Description Language

The objective of the Search-WS Description Language is to allow searching of disparate on-line database through a simple common API. In essence it describes how to:

  1. Create a url that will be used to search the database.
  2. "Screen scrape" the response in order to get the records and any other useful information.

The current incarnation is very incomplete and is offered as as-is in the hope that giving it a public viewing will elicit some helpful criticism.

Describing an SRU service

The sample description that follows is for the Copac SRU service (line numbers have been added.)

01 <sws xmlns="">
02  <op>
03   <request href=";version=1.1&amp;query={query}&amp;maximumRecords={maxItems}&amp;recordSchema=info:srw/schema/1/mods-v3.0">
04    <param name="query" semantics="cql"/>
05    <param name="maxItems" value="25"/>
06   </request>
07   <response>
08    <set name="numberOfItems">
09     <xpath select="/zs:searchRetrieveResponse/zs:numberOfRecords" string-value="yes"/>
10    </set>
11    <set name="items">
12     <xpath select="//mods"/>
13    </set>
14   </response>
15  </op>
16 </sws>

In the above example, line 03 specifies the url that we are going to use to perform an http request. Note that it contains a couple of "special" strings: {query} and {maxItems} -- these are the place holders for the variable parts of the url that our API will populate for us.

You'll notice that line 05 describes a parameter called "maxItems" and its value is set to 25. This is a fairly pointless example, but it demonstrates a principle. Hopefully you can all guess that {maxItems} in the request url will get substituted with the value 25. In a real world example I would expect the API to provide a mechanism for programs to set this value -- however having it in the specification file allows a default value to be set.

You'll also notice that line 04 describes a parameter called "query" with the semantics of cql. The API has to provide magic to turn the user supplied query into a valid cql query -- which once done is pasted into the url at the {query} placeholder.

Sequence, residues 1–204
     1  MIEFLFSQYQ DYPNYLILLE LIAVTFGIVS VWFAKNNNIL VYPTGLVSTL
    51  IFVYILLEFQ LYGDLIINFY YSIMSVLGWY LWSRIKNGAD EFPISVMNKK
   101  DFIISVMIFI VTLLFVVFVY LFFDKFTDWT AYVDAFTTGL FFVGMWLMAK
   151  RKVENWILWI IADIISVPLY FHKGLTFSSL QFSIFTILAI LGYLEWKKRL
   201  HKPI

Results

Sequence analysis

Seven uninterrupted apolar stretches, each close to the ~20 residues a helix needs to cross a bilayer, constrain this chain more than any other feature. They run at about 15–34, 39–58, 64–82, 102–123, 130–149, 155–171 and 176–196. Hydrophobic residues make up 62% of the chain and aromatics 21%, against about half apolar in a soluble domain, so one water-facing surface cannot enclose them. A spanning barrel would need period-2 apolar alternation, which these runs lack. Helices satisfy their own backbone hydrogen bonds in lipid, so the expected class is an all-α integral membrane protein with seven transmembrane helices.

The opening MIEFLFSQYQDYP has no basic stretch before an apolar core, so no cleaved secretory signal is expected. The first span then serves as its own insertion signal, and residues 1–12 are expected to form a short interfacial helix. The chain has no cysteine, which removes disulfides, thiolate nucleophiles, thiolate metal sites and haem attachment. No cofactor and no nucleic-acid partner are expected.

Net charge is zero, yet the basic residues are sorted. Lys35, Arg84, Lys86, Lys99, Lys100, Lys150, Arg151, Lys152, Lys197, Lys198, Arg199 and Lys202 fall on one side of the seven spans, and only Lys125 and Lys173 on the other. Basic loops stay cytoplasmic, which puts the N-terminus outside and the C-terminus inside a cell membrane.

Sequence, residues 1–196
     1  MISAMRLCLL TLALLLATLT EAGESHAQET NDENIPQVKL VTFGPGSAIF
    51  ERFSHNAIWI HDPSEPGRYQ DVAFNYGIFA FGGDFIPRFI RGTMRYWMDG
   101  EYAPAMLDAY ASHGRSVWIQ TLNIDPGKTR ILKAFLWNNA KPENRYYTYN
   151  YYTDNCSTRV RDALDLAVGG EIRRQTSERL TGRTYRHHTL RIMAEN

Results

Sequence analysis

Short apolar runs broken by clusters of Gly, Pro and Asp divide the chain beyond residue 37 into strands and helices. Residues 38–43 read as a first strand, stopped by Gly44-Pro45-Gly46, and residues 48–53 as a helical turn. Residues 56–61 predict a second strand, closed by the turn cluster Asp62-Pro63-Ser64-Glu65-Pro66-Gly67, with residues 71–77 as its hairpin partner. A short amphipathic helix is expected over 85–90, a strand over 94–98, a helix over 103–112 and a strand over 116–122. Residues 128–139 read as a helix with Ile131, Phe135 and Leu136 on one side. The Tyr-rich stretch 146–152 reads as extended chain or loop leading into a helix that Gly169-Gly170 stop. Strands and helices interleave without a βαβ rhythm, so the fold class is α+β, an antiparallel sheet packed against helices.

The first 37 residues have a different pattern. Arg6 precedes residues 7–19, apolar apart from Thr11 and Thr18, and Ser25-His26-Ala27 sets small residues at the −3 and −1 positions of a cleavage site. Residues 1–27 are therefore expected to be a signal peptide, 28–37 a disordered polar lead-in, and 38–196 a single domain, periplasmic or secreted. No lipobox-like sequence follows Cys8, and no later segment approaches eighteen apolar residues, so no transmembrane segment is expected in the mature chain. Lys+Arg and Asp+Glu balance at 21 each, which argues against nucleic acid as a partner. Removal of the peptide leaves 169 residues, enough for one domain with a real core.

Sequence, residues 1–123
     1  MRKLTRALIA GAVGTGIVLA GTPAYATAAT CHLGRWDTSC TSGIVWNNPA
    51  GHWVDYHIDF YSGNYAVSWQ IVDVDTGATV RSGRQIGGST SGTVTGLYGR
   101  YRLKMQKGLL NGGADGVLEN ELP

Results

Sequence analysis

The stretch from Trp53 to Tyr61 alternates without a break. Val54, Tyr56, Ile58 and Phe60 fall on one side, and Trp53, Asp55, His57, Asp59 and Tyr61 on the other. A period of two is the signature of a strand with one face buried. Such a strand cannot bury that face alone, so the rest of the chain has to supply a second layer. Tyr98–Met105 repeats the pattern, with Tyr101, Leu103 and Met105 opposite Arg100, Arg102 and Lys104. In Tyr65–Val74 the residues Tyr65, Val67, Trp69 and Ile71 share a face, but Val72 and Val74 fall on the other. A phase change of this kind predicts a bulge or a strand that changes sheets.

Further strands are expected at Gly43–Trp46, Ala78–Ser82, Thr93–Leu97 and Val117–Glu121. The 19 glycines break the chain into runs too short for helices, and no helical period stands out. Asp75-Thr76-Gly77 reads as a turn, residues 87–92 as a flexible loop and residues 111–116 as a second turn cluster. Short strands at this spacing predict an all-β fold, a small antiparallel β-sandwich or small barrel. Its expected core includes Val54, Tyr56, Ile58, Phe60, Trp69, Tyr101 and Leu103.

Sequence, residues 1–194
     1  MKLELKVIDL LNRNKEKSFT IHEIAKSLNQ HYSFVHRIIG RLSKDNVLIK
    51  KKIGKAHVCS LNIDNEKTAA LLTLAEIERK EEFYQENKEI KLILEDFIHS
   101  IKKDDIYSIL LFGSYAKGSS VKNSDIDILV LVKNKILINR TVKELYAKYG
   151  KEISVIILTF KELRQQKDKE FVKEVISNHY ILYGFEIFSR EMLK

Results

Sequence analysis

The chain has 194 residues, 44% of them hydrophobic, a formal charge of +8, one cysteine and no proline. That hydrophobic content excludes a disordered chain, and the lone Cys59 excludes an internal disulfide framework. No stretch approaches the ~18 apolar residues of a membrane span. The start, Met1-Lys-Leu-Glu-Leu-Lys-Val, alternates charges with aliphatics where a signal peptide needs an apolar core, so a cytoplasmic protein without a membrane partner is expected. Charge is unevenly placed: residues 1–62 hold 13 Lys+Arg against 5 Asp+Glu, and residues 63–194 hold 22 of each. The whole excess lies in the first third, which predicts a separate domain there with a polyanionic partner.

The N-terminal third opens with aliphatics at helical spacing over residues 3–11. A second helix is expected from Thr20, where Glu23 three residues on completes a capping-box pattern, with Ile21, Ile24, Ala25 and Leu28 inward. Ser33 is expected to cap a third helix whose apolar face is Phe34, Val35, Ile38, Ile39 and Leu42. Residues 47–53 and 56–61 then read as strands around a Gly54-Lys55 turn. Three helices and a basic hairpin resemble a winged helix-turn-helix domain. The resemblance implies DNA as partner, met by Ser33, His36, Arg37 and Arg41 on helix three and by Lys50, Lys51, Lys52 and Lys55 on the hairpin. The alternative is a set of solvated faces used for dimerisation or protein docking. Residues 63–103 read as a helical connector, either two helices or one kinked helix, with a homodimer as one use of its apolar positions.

The <var> element on line 08 describes how to parse the number of records (or items) found from the search result. Line 09 describes an XPath that can be used to get the desired number. Alternatively, we could have used a regular expression, in which case we might have specified the following:

<set name="numberOfItems">
 <regexp regexp="&lt;zs:numberOfRecords&gt;(.*?)&lt;/"/>

Note that the regular expression looks messy because we have to quote the angle brackets in an XML attribute. In plain text the regular expression is:


If there is a bracketed expression within the regular expression then it is assumed that the value wanted is contained within the first bracket (or in Perl the \$1 variable.) If there is no bracketed expression, then I am unsure whether the result should be a boolean indicating a match or the whole of the matched text. I think both version would be useful and so maybe there should be another attribute to select one way or the other.

The <set> element at line 11 specified how to get at the result items (or records if you prefer.)

The Perl module

I've created a simple Perl module to test ideas as I've been developing the description. The following example is a small perl script that uses the Copac SRU description shown above.

01 use SWS;
03 my $sws = new SWS (filename => 'copac-sru.sws');
05 my %query = (
06  'au' => 'essery',
07  'kw' => '"midland railway"',
08 );
10 my @items = $sws->search (%query);
11 print "found ", scalar (@items), " items\n";
12 print "item[0] = ", $items[0], "\n";
14 foreach my $item ($sws->var_names) {
15     print "$item = ", $sws->var ($item), "\n";
16 }

In the above example, line 03 creates a new instance of the SWS class and will read in the description contained in the copac-sru.sws file.